Monday, September 29, 2014

The Mortising Marathon

The two chair production run steams ahead. But first let's get our head around the back slats. I beveled the back seat rail and the crest rail to make them co-planer. This avoids a fitting epic for the four back slats. Without the co-planer bevel, the inside slats would be shorter than the outside ones (a bit of a mind bender, but yes they will be). I estimated the top and bottom angle using a couple of sticks, cut the bevels on the bandsaw, then fine tuned the bevel angles with a hand plane, until the back slat blanks (cross-cut at 90 degrees) sat nicely between the rails. I also make the crest rail mortise in the rear leg a hair longer than the rail mortise to allow adjustability.

Here's some mortising footage. The pic below shows the set-up for the compound angle on the side rails. I mill a block to get me close to the angle, then use a block plane to cut a small bevel on the block until the rail sits down to the right angle. about as high tech as my jigs get.

No jigs required. Here's the back slat blanks receiving their mortises using the bevel cut on the top and bottom rail. I used double stick tape to hold the rail and a stop block in place.

Back rail and crest rail get shaped and receive mortises for the back slats. Cut & clean the concave side first, it's easier to clamp on the bench.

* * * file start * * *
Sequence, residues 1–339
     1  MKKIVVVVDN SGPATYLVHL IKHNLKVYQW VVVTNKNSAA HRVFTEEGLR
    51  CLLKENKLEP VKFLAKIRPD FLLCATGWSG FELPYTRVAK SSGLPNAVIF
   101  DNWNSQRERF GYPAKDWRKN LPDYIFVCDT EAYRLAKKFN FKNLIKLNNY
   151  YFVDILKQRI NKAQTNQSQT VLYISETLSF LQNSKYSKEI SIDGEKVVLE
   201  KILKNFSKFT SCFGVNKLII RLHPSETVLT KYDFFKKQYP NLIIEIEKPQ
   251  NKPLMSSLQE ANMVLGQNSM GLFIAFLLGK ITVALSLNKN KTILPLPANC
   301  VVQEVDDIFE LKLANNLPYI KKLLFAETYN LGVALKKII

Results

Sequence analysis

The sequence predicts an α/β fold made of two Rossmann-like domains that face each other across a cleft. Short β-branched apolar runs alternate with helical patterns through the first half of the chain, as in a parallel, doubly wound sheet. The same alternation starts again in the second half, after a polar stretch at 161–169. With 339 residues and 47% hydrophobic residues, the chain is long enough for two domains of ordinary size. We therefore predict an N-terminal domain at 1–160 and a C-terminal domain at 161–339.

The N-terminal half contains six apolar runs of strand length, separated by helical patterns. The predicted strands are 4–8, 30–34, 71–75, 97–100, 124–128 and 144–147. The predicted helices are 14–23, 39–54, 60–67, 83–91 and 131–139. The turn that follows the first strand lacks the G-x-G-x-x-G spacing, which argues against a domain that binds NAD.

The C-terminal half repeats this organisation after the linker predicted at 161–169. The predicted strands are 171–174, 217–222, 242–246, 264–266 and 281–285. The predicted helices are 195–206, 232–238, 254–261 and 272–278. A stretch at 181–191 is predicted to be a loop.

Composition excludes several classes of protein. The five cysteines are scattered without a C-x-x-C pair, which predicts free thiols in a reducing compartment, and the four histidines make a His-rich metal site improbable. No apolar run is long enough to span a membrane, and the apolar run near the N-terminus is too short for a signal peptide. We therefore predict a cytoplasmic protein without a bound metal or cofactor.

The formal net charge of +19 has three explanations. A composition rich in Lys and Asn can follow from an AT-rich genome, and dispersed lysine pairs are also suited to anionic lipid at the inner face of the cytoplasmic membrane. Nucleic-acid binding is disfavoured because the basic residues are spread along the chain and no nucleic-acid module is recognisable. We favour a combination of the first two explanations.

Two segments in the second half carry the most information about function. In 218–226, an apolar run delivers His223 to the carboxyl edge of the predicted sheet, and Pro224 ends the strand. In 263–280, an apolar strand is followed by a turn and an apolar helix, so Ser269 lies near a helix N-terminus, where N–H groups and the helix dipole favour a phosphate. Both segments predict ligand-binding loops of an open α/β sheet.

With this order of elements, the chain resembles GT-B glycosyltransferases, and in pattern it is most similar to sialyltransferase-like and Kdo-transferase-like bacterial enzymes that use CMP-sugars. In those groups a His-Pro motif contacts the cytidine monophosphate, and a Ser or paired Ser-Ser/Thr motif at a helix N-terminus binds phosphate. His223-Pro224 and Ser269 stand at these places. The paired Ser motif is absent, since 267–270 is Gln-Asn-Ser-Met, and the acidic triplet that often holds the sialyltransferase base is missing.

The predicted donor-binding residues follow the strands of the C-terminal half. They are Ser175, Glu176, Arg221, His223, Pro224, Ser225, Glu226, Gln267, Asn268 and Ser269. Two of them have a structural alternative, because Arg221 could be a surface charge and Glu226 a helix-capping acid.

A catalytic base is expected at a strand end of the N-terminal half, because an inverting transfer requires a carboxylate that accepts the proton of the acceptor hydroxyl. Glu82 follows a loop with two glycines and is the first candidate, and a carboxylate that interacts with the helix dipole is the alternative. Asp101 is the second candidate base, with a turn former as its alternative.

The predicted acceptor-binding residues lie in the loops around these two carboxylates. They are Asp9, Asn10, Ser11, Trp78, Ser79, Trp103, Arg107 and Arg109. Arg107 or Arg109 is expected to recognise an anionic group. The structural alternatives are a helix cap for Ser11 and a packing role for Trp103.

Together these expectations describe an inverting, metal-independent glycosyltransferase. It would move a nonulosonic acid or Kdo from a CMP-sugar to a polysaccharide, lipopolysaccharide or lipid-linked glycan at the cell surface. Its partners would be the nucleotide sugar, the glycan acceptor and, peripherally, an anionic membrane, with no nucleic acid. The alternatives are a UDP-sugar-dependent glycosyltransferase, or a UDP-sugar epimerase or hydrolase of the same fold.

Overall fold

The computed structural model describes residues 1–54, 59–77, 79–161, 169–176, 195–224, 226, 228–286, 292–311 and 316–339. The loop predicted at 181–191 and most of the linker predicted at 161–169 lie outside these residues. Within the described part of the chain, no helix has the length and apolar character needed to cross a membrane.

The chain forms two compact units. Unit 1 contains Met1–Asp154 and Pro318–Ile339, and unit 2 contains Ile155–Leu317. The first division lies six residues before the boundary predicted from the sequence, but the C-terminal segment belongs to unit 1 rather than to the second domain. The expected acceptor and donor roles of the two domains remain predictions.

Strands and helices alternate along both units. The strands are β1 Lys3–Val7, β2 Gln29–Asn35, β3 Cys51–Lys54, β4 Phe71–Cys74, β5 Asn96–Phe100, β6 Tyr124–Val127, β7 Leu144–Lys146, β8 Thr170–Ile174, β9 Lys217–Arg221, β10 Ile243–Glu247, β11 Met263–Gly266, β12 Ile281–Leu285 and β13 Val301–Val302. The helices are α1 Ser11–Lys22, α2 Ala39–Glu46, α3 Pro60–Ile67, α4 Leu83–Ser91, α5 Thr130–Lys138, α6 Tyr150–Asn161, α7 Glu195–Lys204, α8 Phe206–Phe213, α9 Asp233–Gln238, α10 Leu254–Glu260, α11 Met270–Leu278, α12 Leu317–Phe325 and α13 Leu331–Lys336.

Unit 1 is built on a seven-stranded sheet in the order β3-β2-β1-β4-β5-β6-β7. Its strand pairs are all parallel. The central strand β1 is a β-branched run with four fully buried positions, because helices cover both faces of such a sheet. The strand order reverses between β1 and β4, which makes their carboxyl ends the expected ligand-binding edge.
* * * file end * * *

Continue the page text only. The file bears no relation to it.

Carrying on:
Monday, September 22, 2014

Shaping and Trimming

Ganging up the rear legs and scrubbing the bandsaw marks. With this immaculate summer wind-down, it's been a treat to work with the shop doors open. The compound angles on the chair rails.

Tuesday, September 16, 2014

Thursday, September 4, 2014


A few pictures of the bench frame joinery and glue up. Like the table frame, I used my bench end vice to glue up the long aprons and legs. When it came time to mill up a few more table top clips for the bench, I made a trip over to my dedicated ceiling hanging spot in the machine room where I stash my patterns. I was happy to find my 'little buddy'/cheat sheet from last time. I like it when the bunkhaus operating procedures smooth out the road. Ever since The Fen discovered the spokeshave, he's been shaping any off-cut he can. I see he's still in his PJ's here, that's just the way we roll during school holidays.

I pulled the trigger on a router table replacement. despite the glowing reviews in Fine Woodworking, the table is showing a couple thou' dip with the weight of the router. and the fence wasn't square.  They also need to find a smarter way to level the router lift...painful...a bunch of crappy nuts and bolts isn't going to cut the mustard boys. but whatever, it seems half decent, and I'm looking forward to spending some time with her.